Effects of hiking at altitude on body composition and insulin sensitivity in recovering drug addicts

Prev Med. 2004 Oct;39(4):681-8. doi: 10.1016/j.ypmed.2004.02.035.


In the current study individuals with a history of drug abuse (users of heroin, cocaine, or amphetamine) displayed a 13-100% increase in body weight (self-reported) and exhibited a trend toward insulin resistance. Therefore, we investigated the effects of long-term altitude hiking on insulin sensitivity in this special population. Nine males recovering from drug addiction (ex-addicts) (age 28.7 +/- 1.3 years) and 17 control subjects (age 29 +/- 1.1 years) voluntarily participated in a 25-day hiking activity (altitude 2200-3800 M). On the 25th day of hiking, oral glucose tolerance test (OGTT), insulin response, lean body mass, fat mass, and waist-to-hip ratio (WHR) were measured in all subjects. After the altitude expedition, insulin levels during the OGTT in ex-addicts were similar to controls, suggesting that insulin sensitivity in this special population was normalized by long-term altitude activity. Along with improvements in insulin sensitivity, a significant reduction in WHR, but small increase in lean body mass, was observed. Twenty-five days of altitude activity significantly reverses hyperinsulinemia in the ex-addicts and this improvement appears to be partially associated with the reduction in central fatness.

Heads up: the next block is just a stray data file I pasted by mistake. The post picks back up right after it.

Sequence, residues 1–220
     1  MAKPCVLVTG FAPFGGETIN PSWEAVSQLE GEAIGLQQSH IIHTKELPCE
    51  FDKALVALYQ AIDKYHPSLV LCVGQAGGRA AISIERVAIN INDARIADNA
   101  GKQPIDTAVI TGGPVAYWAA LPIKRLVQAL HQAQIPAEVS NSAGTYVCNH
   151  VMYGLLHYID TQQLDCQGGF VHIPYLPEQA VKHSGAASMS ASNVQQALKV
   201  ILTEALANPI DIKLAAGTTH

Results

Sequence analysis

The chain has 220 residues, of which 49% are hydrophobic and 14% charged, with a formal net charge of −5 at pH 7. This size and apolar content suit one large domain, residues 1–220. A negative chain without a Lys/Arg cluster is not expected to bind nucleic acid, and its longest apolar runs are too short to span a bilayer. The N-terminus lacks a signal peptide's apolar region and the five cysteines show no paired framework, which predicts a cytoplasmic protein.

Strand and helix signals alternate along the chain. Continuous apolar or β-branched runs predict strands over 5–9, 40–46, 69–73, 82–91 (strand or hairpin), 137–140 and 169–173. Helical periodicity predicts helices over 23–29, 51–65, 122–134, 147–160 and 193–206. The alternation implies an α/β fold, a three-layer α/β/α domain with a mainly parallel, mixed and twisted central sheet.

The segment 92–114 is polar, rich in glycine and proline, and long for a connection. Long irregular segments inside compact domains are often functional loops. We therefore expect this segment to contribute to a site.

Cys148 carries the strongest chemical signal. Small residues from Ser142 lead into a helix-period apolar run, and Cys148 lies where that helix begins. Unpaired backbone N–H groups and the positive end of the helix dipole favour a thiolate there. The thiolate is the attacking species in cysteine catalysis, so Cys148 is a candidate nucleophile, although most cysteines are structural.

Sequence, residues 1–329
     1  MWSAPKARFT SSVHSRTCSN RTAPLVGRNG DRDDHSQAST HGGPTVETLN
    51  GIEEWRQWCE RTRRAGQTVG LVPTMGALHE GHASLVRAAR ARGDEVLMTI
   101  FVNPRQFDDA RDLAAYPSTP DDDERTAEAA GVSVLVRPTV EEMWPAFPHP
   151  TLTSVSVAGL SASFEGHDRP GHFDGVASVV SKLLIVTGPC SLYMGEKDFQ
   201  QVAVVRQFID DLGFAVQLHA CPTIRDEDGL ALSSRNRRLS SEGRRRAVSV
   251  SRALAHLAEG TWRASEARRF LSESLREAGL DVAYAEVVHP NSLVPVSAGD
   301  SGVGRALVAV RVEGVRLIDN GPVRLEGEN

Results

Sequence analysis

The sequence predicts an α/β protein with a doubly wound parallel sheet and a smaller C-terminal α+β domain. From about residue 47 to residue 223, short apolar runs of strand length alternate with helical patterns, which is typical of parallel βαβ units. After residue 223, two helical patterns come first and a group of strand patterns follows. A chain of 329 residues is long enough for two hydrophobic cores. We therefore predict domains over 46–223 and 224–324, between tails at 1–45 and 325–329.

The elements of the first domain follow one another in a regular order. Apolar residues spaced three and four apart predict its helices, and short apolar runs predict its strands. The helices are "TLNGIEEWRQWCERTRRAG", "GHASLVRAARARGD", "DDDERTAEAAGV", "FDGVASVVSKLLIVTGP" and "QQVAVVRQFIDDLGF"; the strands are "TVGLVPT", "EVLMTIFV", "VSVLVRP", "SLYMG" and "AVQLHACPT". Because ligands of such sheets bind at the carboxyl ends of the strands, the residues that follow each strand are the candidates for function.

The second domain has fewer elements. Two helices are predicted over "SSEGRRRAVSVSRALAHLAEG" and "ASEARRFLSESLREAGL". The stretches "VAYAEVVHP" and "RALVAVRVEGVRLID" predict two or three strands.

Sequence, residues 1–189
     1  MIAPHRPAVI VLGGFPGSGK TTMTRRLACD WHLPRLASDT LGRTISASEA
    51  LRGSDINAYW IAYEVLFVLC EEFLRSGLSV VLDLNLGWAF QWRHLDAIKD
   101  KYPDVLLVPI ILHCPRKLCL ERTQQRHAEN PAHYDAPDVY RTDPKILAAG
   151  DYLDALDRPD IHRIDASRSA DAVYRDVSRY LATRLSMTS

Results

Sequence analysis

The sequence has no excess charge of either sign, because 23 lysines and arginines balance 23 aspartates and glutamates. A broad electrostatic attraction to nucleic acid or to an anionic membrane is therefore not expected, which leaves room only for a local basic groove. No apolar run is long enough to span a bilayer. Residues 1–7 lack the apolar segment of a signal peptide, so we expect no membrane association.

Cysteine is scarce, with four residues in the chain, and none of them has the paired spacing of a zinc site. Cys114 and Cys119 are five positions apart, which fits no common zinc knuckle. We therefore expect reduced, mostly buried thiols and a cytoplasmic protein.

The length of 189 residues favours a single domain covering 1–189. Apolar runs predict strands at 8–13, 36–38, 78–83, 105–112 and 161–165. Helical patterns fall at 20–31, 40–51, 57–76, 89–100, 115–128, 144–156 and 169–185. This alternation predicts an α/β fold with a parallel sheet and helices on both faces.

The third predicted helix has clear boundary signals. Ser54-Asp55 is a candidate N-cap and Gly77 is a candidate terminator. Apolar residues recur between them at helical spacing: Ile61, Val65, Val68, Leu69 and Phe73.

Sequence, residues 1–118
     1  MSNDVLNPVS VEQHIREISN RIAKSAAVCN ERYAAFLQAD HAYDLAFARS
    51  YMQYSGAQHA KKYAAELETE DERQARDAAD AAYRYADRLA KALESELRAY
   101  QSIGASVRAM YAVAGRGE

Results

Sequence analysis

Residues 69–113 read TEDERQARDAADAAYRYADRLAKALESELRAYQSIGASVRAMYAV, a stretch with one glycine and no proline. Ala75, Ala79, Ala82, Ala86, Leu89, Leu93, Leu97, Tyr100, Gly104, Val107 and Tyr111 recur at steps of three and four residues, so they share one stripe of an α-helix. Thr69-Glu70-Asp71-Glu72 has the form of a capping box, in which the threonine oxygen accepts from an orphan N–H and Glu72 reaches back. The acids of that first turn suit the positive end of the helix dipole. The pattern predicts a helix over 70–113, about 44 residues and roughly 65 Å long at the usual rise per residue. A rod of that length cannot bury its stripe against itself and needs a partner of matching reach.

Publication types

  • Clinical Trial
  • Comparative Study
  • Research Support, Non-U.S. Gov't

MeSH terms

  • Adult
  • Altitude*
  • Body Composition / physiology
  • Exercise / physiology*
  • Glucose Tolerance Test
  • Growth Hormone / blood
  • Heart Rate / physiology
  • Humans
  • Hydrocortisone / blood
  • Insulin / metabolism*
  • Insulin Resistance / physiology
  • Male
  • Oxygen Consumption / physiology
  • Substance-Related Disorders / blood
  • Substance-Related Disorders / rehabilitation*
  • Testosterone / blood


  • Insulin
  • Testosterone
  • Growth Hormone
  • Hydrocortisone